8 foods that aren't as frightening as Buzzfeed thinks they are

An actual chemist looks at claims made about "toxic foods" in a recent Buzzfeed linkbait post and calmly explains why the whole thing is ridiculous. Of the 8 foods (actually, mostly food additives) mentioned, one is hardly used anymore, another was withdrawn from the market two years ago, two only sound scary if you failed chemistry, and four have had their risks vastly overstated. It's the sort of situation where some studies show a risk, some studies don't, and there's good reasons to think the risk — if it exists — isn't that big, to begin with.



  1. I’m impressed that people have enough time to waste in their day that they click on Buzzfeed links at all, much less actually analyze them.

    1.  It appears that most commenters’ favorite thing to do is tell the editors of each post how stupid they are.

    1. Didn’t Kathy Griffin have a whole routine on Olestra? You’ll get the shits!

  2. Do they still make Olestra potato chips with warning labels about anal seepage?

    I always loved the idea of eating potato chips that might cause anal seepage.  Because anal seepage.

    1. I believe it was anal “leakage”, but I like “seepage” better. In that I don’t like the sound of that at all. Ha, and looking up the term, it looks like Frito-Lay’s internal study used the term “anal oil leakage”. And now I’m laughing at “internal study”.

      1. If I understand this correctly, Olestra consumption could cut out the middletopman in santorum production.

  3. OK, so bleached flour isn’t that bad. I’m still not using it. And who the hell thought of bleaching flour anyway? It’s pretty damn white already. 

    1. Its yellow. Its only white if you age it for months, which only the rich could afford to do, so ‘white’ bread was for high-class folks.

      1.  I’ve seen small lot fresh wheat flour. It is one of the shades of yellow I classify as white.

    2. And who the hell thought of bleaching flour anyway?

      Based on Gildor Inglorion’s bread surpassing the savour of a fair white loaf, it appears to go back at least to the last decades of the Third Age.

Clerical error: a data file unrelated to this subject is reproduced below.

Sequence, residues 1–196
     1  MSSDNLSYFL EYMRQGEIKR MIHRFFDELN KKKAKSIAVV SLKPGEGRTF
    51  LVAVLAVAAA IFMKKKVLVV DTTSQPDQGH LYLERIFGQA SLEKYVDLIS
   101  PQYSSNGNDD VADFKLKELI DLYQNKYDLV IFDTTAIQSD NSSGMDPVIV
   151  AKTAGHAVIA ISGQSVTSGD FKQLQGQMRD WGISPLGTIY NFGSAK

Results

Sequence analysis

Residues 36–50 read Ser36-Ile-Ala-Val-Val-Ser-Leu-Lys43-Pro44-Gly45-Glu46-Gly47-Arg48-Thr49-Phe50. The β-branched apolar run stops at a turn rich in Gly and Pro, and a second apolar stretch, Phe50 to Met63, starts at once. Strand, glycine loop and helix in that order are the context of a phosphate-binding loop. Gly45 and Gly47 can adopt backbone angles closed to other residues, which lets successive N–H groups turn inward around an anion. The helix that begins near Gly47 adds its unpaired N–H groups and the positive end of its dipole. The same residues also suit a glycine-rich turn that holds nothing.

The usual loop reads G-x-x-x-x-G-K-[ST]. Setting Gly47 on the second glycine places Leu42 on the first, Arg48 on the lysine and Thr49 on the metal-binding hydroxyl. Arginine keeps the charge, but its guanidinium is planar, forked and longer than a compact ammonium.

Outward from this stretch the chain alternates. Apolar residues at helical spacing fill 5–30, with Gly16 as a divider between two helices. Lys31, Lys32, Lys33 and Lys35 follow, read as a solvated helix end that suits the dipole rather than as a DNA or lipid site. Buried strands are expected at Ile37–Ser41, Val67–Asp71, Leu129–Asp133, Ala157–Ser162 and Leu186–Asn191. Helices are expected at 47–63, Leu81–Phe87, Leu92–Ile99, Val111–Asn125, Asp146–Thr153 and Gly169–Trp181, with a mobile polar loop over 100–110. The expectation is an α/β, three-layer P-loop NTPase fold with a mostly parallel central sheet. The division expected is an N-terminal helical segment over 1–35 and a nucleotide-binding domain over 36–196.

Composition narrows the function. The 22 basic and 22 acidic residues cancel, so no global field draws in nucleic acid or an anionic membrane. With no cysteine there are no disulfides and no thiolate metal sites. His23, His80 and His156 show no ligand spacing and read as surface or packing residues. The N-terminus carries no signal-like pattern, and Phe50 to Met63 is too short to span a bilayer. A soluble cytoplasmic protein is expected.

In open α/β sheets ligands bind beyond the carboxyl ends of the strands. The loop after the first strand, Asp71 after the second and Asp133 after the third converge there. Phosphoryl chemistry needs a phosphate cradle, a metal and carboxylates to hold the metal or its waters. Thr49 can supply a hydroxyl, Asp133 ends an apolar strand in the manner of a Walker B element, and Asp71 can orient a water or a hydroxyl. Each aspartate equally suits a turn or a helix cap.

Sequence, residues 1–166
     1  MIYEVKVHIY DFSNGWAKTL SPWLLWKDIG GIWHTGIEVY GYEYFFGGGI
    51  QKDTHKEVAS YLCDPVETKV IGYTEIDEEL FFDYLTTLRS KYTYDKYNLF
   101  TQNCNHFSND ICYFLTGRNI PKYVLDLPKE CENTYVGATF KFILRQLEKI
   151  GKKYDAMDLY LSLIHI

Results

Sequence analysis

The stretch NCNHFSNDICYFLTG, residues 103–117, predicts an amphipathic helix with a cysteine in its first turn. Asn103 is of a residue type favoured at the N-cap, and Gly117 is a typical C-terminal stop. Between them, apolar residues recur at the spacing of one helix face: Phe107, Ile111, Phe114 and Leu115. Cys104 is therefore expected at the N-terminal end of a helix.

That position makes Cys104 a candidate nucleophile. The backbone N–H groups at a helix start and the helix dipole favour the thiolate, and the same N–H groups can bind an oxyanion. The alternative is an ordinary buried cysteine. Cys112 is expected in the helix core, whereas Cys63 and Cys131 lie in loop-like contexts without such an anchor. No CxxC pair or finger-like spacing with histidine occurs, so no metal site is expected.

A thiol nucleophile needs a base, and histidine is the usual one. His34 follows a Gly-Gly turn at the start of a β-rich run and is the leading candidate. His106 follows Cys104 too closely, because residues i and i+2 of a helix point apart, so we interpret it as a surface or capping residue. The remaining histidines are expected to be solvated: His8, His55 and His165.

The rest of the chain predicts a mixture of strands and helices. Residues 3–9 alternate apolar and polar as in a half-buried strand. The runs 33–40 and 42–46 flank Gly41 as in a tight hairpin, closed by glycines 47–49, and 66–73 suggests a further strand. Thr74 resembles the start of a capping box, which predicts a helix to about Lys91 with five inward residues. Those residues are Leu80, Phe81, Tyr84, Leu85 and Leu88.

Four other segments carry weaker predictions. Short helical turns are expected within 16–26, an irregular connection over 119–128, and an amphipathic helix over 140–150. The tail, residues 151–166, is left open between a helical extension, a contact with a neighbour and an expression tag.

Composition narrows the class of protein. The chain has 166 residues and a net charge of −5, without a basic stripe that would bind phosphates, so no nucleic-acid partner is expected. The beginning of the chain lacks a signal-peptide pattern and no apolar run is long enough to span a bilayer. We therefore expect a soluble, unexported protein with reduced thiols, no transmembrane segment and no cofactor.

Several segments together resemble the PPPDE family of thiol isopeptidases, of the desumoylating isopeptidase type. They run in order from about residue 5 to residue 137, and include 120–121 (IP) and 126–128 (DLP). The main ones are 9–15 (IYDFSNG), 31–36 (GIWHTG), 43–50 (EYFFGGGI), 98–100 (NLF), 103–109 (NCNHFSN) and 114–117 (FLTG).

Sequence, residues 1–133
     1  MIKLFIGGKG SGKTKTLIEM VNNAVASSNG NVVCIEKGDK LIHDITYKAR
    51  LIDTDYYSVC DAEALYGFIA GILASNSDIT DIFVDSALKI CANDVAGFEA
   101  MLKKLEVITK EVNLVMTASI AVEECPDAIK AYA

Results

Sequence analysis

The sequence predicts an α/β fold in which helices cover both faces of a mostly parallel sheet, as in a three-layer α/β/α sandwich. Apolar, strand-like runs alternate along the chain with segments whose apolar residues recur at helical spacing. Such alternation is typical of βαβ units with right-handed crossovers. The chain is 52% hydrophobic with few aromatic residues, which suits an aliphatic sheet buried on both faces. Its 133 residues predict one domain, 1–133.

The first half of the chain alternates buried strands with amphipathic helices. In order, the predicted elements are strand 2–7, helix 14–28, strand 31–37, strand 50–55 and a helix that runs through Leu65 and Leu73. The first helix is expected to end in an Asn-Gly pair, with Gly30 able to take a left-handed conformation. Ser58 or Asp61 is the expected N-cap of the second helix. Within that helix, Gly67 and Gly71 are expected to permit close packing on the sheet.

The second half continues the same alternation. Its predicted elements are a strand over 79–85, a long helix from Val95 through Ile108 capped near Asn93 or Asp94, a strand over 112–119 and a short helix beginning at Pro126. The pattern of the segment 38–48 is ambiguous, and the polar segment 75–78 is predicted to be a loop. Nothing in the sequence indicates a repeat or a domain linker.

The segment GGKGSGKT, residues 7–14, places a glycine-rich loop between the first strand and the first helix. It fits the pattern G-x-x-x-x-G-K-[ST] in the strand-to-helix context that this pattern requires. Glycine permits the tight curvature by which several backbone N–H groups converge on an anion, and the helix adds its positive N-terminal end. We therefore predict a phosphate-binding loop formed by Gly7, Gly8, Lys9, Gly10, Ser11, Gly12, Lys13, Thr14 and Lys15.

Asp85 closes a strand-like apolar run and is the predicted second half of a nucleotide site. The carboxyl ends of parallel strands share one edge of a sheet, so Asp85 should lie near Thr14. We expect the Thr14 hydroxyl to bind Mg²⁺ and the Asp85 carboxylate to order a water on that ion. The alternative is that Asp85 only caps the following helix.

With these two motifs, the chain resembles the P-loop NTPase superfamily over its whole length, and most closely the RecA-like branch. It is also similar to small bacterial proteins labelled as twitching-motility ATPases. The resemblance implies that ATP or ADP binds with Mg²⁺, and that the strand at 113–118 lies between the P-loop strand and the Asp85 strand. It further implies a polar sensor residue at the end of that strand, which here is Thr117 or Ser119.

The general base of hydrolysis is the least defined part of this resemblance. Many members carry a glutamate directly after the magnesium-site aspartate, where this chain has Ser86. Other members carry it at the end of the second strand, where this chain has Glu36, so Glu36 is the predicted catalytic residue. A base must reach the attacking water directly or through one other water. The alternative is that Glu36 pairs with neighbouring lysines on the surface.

3.  Prior to using chemical bleaching agents on flour, flour was typically aged in order to oxidize it.  The reason was aged flour has better baking qualities. Freshly ground flour is almost impossible to bake with., as the gluten doesn’t work right.  Bleaching makes much the same chemical changes in flour as aging it, but is
      more cost effective than storing flour for two months after milling.  A side effect of the aging or bleaching is that the yellow xanthophyll pigments present in freshly milled flour are destroyed, making the flour whiter. Unbleached white flour is simply flour that is stored long enough to oxidize naturally, and the cost of the storage is reflected in a somewhat higher price.

      1. So the purpose of bleaching flour isn’t to make it whiter, it’s to bring out the fluffy gluten goodness. This makes sense now. Tank you. 

        1. Yup. Most traditional foodways have an underlying rational even if they seem bizarre,  pointless, or unhealthy from our 21st century vantage point. Another flour related tidbit is that the bran and the germ have been traditionally removed from wheat flour, even though we all know that whole wheat is better for you now, because the oils in the bran and the germ go rancid fairly quickly after it is ground, spoiling the flour. In an era with no refrigeration,  whole wheat flour was worse for you, on balance, than white.

  4. I love stuff like this. Skeptical debunkings are among my favorite blog readings. 

  5. Funny. Because I recall BB going on about horrible additives in foods in a similar fashion.

    1. What gives you the impression there is an editorial policy toward content? That would be most un-boing

  6. I’m only dimly aware of Buzzfeed as the useless jerks who stick useless ads in the more idiotic parts of the internet.

    Like top 8 celebrities with the ugliest knees…

    Is it now a recognized journalistic entity?

  7. This would be a great response if you systemically called out each fabrication specifically. All your post says is, “Hey! They’re wrong! Because I said so!”

    1.  Uhhh, dood.. she is linking to an article that does just that. You know how the internet works, don’t you?

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